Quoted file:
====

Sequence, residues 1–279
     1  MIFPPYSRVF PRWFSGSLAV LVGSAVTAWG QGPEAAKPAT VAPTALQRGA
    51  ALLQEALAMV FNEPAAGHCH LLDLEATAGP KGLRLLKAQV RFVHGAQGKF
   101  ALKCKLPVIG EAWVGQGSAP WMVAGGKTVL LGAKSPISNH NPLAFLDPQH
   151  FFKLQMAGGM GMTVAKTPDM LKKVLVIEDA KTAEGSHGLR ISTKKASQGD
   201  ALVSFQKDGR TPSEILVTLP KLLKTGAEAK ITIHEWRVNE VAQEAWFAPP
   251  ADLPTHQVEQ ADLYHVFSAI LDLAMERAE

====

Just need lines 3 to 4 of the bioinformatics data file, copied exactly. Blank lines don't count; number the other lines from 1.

    51  ALLQEALAMV FNEPAAGHCH LLDLEATAGP KGLRLLKAQV RFVHGAQGKF
   101  ALKCKLPVIG EAWVGQGSAP WMVAGGKTVL LGAKSPISNH NPLAFLDPQH